The German government has declared Turkey a high-risk area since Tuesday and the US since Sunday. In addition, Israel has joined the list.
Turkey a high-risk area
Due to increasing numbers of coronavirus infections, the federal government has classified Turkey as a high-risk area. Starting Tuesday, travelers from the popular vacation spot who have not been vaccinated or recovered will have to spend five to 10 days in quarantine, according to the Robert Koch Institute.
The number of coronavirus cases in Turkey rose sharply in late July, to more than 20,000 new cases recorded each day. For comparison: in Germany, with a similar population size, some 5578 new cases were recorded on Friday.
Tourism is an important source of income for the country. It fell by about 70 percent last year. Most tourists come to Turkey from Russia, followed by Germany. In addition to the coronavirus, devastating forest fires in the southwest are also causing problems for the economy.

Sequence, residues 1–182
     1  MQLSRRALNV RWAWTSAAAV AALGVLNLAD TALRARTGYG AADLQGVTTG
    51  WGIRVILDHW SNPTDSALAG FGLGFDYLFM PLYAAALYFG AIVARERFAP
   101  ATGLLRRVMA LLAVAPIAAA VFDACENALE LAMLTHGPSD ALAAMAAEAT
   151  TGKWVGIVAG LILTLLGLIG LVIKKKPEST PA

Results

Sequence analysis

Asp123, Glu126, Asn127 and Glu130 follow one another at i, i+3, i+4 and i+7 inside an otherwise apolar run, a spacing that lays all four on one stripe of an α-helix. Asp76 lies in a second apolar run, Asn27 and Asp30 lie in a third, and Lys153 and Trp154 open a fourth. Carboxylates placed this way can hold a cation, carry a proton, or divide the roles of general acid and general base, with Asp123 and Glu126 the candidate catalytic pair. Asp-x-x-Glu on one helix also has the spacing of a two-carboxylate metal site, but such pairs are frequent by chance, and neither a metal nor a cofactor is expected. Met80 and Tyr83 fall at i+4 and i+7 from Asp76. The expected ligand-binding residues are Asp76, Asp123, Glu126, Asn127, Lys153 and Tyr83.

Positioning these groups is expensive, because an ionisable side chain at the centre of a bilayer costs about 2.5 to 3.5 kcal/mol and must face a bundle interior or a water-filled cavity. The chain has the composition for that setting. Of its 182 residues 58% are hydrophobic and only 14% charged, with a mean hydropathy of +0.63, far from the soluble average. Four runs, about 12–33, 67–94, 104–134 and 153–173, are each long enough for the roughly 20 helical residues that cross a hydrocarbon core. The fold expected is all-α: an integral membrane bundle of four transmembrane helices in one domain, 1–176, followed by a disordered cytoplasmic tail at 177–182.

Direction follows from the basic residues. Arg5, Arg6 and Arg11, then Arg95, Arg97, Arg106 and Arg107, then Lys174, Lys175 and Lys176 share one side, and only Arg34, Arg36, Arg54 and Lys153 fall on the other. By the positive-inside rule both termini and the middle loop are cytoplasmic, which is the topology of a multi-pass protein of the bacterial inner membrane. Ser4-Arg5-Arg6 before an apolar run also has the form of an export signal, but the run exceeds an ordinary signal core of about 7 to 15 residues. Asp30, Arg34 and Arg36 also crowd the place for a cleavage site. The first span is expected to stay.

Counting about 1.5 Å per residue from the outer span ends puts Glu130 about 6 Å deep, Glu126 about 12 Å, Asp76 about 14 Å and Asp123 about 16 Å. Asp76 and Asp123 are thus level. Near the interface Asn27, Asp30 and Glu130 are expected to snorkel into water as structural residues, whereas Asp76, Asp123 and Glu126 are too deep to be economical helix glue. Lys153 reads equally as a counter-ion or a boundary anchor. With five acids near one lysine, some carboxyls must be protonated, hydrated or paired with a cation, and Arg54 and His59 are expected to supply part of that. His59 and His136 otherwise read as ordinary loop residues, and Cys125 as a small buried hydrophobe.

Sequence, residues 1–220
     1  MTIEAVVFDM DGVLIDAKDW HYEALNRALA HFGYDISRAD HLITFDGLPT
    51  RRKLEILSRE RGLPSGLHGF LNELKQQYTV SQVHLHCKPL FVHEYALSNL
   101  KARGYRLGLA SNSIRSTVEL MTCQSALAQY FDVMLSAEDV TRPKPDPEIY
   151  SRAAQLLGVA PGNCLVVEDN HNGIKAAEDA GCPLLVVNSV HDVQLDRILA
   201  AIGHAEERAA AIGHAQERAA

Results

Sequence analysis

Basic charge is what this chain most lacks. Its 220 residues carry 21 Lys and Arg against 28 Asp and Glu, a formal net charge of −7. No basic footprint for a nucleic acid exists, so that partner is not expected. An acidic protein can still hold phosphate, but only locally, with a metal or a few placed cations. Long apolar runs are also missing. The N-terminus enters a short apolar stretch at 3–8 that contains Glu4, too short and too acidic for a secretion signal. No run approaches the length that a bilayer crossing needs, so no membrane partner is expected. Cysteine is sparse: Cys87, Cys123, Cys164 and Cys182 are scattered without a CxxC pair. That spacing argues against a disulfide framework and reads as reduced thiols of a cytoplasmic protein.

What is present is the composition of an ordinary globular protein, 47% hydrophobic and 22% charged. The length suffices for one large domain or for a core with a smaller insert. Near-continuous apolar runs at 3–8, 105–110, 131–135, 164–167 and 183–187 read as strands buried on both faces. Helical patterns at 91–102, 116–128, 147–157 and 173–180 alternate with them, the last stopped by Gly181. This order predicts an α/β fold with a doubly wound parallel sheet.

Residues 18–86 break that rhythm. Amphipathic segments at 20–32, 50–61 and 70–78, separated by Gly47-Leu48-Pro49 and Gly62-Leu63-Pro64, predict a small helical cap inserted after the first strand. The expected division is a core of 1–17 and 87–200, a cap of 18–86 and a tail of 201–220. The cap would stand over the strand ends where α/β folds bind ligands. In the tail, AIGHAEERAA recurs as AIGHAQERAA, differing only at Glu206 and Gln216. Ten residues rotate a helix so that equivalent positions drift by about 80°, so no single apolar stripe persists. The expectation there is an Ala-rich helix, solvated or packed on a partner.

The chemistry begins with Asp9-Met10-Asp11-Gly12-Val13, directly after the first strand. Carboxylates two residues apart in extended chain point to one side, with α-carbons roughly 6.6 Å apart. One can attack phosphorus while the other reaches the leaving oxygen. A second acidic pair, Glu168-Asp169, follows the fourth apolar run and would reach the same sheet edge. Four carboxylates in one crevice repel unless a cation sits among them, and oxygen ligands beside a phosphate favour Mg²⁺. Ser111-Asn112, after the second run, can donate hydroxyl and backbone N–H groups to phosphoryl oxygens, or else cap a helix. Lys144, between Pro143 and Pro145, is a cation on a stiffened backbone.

US and Israel also become high-risk areas
The US, Israel, Kenya, Montenegro, Vietnam and two French overseas territories are also classified as high-risk areas as of Sunday. Portugal, on the other hand, will be removed from the risk list, except for the Algarve coastal region and the capital Lisbon, which are particularly popular with tourists.
Nearly 70 countries are high-risk areas
With the new classifications, almost 70 countries will count the list of high-risk areas. Unlike in the past, however, not only the number of infections is decisive for the classification. Other criteria include the speed at which the virus spreads, the burden on the country’s health care system and even the lack of data on the coronavirus situation.
People who are fully vaccinated or so-called recovered patients who return from high-risk areas are exempt from quarantine in Germany. Everyone else must isolate themselves upon arrival in Germany and can only be released after five days with a negative test result.
A complete list of countries classified by Germany as risk areas can be found on the Robert Koch Institute website: www.rki.de.